It may not be the "Shot Heard 'Round the World," but it may have nearly the same meaning for the West York girls' basketball team.

With time ticking down and the Bulldogs trailing visiting Dallastown by a point, guard Emily Wood drove the baseline toward the hoop. As the Wildcat defense collapsed on her, she found teammate Jess Noll wide open on the weak side. Without a defender near her, Noll drove to the basket and laid the ball up.

Then it bounced.

And bounced again.

Then it dropped.

Noll's basket with 19.0 seconds left turned out to be the game-winner. The Wildcats turned the ball over on a travel call with 4.8 seconds remaining. After a missed free throw and a timeout, the visitors failed to get off a shot in the final 2.7 seconds, sending the Bulldogs to a 40-39 victory.

The triumph broke a deadlock atop the York-Adams League Division I standings. The Bulldogs (16-2, 10-2) hold a one-game lead over both Dallastown (13-6, 9-3) and Red Lion (13-6, 9-3) with three games to play.

Noll's game-winner was anything but certain during a half when the home team failed to convert on at least seven other layups. Noll admitted that she wasn't confident in her only basket of the night.

"It just felt like lead," she said. "That ball was so heavy. I just couldn't get it up there, but I was glad when it went in."

Bulldog coach Jon Shultz's heart may have skipped a beat during that sequence, especially after seeing his team squander a 26-21 lead at the half by getting outscored 12-6 in the third period.


"I was just trying to will that one in," Shultz said.

Wood, who led all scorers with 16 points, was a bit nervous watching the ball from underneath the basket.

"I was praying," Wood said. "It seemed like in the second half we couldn't get the ball to go in no matter what we did (but) it fell when it needed to."

The victory earned the Bulldogs a slice of revenge against a Wildcat team that downed them a few weeks ago. In that contest, West York had a number of starters sick with the flu. They also played that contest without leading scorer Sarah Shearer, a feat they will have to get used to after the Bulldog senior tore a knee ligament in a loss to Dover more than 10 days ago.

"We were sick and this and that, but to be honest, we just didn't play up to our ability," said Shultz of the teams' previous meeting. "So we knew we had to come out and show them what we can do. I was proud of the way that they played tonight."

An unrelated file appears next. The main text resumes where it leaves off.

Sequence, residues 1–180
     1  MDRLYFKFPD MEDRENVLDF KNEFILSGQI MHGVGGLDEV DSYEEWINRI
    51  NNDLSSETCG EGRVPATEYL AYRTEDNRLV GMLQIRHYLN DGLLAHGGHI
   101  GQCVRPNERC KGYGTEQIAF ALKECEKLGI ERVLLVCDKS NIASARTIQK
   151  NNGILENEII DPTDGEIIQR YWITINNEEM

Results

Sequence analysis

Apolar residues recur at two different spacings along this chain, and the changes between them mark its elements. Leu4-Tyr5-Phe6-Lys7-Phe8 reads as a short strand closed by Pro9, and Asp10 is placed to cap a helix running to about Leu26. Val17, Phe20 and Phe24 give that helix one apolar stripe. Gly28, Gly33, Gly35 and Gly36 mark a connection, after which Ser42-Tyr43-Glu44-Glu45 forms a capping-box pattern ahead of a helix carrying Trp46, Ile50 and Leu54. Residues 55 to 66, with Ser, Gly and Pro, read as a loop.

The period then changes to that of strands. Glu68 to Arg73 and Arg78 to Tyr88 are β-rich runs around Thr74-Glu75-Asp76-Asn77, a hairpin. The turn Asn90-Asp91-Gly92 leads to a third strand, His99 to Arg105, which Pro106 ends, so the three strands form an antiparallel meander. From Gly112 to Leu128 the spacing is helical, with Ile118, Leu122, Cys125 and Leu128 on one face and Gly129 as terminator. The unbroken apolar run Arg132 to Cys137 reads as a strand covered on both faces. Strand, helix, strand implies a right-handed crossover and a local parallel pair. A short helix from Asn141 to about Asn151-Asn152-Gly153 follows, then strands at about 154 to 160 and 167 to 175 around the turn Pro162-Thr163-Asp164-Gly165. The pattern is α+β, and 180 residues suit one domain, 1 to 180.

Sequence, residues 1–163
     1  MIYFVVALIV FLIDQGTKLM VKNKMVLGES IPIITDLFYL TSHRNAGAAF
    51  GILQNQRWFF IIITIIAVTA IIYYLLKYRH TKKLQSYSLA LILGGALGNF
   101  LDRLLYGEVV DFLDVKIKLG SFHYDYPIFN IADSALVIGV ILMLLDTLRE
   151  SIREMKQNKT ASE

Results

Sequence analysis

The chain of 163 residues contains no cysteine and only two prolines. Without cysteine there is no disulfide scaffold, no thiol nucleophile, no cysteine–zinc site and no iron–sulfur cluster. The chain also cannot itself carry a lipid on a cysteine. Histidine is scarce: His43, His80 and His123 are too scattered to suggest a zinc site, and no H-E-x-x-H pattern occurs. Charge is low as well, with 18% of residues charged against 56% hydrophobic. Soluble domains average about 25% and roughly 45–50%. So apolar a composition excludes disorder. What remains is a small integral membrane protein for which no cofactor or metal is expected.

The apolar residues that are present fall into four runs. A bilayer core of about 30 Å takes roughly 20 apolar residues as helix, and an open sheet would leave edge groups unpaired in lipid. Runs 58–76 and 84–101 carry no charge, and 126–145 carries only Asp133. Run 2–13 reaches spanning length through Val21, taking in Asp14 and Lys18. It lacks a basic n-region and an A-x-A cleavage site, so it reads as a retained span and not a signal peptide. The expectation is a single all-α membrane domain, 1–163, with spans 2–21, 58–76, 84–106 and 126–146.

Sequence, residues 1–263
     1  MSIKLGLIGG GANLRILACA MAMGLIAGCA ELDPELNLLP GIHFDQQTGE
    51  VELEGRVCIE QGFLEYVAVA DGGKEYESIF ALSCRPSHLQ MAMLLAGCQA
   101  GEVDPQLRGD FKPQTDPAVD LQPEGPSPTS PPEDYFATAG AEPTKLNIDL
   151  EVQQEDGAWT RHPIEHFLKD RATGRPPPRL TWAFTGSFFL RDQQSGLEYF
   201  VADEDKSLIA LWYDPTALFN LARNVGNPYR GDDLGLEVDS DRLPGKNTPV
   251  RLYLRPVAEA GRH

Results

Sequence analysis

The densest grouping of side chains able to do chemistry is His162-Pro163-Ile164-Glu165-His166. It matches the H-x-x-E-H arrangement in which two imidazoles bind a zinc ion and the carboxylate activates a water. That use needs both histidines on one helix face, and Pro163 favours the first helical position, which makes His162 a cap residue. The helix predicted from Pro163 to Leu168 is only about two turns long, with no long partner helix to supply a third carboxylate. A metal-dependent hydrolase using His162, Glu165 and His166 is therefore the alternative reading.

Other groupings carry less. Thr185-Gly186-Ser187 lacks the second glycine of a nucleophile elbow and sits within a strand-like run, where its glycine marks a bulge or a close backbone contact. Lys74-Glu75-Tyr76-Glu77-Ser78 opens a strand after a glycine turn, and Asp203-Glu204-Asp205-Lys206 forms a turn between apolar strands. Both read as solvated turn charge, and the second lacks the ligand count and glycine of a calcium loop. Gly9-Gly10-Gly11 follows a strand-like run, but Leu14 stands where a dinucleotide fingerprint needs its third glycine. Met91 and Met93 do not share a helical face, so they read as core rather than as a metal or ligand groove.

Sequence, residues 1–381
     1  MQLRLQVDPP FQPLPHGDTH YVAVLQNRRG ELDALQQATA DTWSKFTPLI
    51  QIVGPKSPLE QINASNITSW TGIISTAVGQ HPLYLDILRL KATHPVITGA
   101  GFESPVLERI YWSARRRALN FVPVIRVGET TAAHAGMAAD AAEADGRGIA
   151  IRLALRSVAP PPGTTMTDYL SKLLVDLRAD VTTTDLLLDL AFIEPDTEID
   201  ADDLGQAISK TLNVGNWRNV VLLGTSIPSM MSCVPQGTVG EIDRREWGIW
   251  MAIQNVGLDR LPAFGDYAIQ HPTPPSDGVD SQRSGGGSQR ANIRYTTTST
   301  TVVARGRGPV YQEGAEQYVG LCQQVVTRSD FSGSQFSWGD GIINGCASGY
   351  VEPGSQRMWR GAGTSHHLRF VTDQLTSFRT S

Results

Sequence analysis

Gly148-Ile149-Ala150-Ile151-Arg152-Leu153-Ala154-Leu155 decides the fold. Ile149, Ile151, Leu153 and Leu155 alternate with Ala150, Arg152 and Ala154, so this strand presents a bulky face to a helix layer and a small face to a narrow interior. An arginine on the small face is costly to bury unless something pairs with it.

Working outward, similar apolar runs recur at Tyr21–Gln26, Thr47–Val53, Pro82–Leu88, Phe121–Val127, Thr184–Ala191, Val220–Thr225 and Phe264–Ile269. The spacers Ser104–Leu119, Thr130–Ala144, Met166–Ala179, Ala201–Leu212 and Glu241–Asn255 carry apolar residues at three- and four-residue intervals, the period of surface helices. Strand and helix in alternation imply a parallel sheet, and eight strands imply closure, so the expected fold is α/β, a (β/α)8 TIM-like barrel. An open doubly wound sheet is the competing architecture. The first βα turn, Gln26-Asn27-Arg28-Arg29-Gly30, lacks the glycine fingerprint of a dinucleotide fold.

With Shearer relegated to a support leader on the bench, the Bulldogs have turned to their guards to carry some of the scoring slack. That's something that Wood and her other starting guard teammates, Kari Lankford and Heather Zinn, have taken to heart after a bit of a verbal thrashing from Shultz during practices.

"I felt that all of us stepped up to his challenge," Wood said. "And we played hard and we came through."

Fellow sophomore Lankford finished with 10 points, with most of her damage coming from an 8-for-9 showing from the free throw line. Zinn, a senior, added eight in the triumph.

While the Bulldogs helped force the Wildcats into 21 turnovers during the contest, the visitors were able to remain close with a healthy 40-22 rebounding advantage. Dallastown's Amari Johnson finished with a double-double. The sophomore scored 11 points and pulled down 11 rebounds. Shannon Thomas led the 'Cats with 12 points.

Coach Mary Manlove's team regained a 39-38 lead with just about two minutes left after Thomas knocked down the third of her three 3-pointers. After a West York miss, the Wildcats held the ball, but missed the front end of a 1-and-1 that could have extended the lead.

After a timeout, the Bulldogs took nearly a minute off the clock, trying to find a hole in the Dallastown defense. Eventually Wood drove the baseline before finding Noll for the game-winning basket.

While Manlove was pleased with her team's determination and heart, it was a defensive miscue that allowed Noll to be open, and which ultimately cost the Wildcats control of their own destiny in the season's final 10 days.

"I'm asking these girls to play as best as they can, but one or two mental errors can be the difference in a game," Manlove said. "And I think that was the difference tonight."

-- Reach Ryan Vander sloot at sports@yorkdis